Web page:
US Department of Education, ACE to Explore Blockchain Solutions
The American Council on Education (ACE) announced yesterday that it received funding from the U.S. Department of Education to support an ‘ambitious’ initiative that will explore the potential for blockchain to close equity gaps across the nation’s education landscape.
Titled the ‘Education Blockchain Initiative,’ the project will conduct research to identify and appraise how blockchain can be applied to improve the movement of data between educational institutions and employers.
The initiative aims to give students increased control over their academic records and hence empower them to translate educational results into career opportunities.
“This work… is about enabling more seamless transitions between and across K-12, higher education, and the workforce,” said Ted Mitchell, president of the ACE.
“This initiative will explore how this nascent technology can break down barriers for opportunity seekers to fully unlock their learning and achievement,” he added.
A steering committee comprising of experts in the field of education and technology was formed to oversee the project. The committee will be responsible for choosing the pilot projects that receive funding based on a competitive challenge later this year.
Members include leaders from institutions like Consortium for School Networking, Georgia Institute of Technology, Stanford University, Union Public Schools, Elon University, Dallas County Community College District, Elon University, Southern New Hampshire University, Vantage Point Consulting, New America, Lumina Foundation, OpenWorks Group, JetBlue Technology Ventures, and Walmart.org.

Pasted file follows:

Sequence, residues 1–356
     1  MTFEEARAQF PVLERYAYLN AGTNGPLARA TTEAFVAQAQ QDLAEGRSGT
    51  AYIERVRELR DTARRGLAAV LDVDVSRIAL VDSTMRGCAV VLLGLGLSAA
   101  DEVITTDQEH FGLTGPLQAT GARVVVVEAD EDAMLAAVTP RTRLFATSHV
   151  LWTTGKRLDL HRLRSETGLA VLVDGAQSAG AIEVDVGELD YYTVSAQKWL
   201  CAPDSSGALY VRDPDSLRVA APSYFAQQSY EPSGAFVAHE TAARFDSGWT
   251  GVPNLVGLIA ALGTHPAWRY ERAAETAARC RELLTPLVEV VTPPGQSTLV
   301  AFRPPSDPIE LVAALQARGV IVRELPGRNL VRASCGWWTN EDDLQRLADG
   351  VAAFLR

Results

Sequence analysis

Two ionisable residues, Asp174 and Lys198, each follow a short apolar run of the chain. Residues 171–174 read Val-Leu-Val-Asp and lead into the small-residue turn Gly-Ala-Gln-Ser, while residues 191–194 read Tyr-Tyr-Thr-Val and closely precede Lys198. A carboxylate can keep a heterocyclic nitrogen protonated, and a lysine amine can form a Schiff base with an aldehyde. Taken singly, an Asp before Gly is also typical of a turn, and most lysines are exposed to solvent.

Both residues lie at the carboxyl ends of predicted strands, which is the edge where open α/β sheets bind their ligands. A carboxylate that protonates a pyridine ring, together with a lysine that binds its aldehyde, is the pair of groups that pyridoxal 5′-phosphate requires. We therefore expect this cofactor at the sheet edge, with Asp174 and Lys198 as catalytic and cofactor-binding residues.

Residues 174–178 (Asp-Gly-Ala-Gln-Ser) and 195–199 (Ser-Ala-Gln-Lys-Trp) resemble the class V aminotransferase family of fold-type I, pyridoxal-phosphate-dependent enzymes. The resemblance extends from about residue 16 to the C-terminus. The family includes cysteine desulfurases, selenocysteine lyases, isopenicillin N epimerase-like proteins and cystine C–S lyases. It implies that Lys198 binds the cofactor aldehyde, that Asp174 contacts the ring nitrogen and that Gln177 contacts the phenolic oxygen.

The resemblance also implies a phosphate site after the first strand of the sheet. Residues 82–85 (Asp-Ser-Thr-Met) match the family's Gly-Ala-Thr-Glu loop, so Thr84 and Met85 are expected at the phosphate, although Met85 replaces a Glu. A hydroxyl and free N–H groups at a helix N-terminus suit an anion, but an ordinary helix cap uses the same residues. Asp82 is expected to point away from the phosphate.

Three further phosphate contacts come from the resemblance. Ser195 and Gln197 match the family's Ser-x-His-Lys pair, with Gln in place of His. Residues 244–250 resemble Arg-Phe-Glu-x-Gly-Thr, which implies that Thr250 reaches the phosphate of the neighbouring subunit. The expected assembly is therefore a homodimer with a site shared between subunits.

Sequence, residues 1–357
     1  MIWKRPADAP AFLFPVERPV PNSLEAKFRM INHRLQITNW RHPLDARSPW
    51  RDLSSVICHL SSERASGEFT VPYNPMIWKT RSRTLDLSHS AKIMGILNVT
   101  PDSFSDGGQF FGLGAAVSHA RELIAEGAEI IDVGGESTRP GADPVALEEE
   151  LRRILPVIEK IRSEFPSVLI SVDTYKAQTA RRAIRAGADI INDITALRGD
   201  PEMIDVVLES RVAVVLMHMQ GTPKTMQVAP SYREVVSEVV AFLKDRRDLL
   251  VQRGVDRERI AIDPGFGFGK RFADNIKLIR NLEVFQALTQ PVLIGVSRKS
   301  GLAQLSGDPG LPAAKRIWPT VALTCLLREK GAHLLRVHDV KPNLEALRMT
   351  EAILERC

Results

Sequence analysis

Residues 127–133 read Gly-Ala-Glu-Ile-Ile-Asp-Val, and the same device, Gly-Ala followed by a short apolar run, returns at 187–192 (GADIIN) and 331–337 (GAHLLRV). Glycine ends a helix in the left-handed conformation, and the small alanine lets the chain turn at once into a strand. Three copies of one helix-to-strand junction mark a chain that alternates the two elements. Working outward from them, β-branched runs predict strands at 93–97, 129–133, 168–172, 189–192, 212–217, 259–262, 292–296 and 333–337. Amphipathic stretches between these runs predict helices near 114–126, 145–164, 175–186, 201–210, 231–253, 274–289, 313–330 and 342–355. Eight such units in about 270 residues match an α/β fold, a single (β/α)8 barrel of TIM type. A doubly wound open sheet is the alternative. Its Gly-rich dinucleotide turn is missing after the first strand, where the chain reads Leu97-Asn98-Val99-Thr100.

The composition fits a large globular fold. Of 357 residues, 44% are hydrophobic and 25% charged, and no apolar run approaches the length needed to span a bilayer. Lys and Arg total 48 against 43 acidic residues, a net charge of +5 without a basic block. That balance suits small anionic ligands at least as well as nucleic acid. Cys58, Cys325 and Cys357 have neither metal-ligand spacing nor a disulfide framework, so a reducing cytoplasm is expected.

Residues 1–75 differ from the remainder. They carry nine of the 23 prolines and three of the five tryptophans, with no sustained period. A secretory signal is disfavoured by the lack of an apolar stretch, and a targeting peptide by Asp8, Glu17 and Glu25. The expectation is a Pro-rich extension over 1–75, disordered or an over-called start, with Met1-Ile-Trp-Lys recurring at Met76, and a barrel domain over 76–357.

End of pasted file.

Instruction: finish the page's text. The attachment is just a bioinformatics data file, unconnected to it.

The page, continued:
The Initiative will be led by ACE’s chief learning and innovation officer, Louis Soares. “Blockchain holds vast potential to better connect learning in diverse contexts and help students achieve their education and workforce goals and ultimately improve mobility. ACE is excited to lead this work and ensure the learning from this project is accessible across educational institutions,” he said.
The U.S. Department of Education has long expressed an interest in bringing stakeholders and technical experts together to explore the benefits that blockchain can have on the education sector better.
The federal agency also sees the potential of blockchain technology in designing new methods of record-keeping and sharing of skills and achievement qualifications. This includes corporate training certificates, which form an $87 billion industry in the nation, and diplomas achieved from one of the 738,000 private credentials in the US.
Regardless of where learners are educated, this blockchain initiative can help them get ownership of their records. “The ability to demonstrate skills and knowledge is key to translating education into economic opportunity,” said Department of Education’s assistant secretary for planning, evaluation and policy development, Jim Blew.
“ACE will be a powerful partner in furthering our understanding of the potential for blockchain to ensure equal opportunity in the workforce landscape,” he added.
The first task on the Initiative’s agenda is to produce a research paper that reevaluates the current application of blockchain in education. It will further assess the tech’s potential in advancing equity in education and workforce outcomes, and the opportunities and challenges associated.
Based on this report, the ACE will work with the President’s Forum to establish a process and criteria for the competitive challenge to be held later this year, during which pilot blockchain projects will be selected for funding.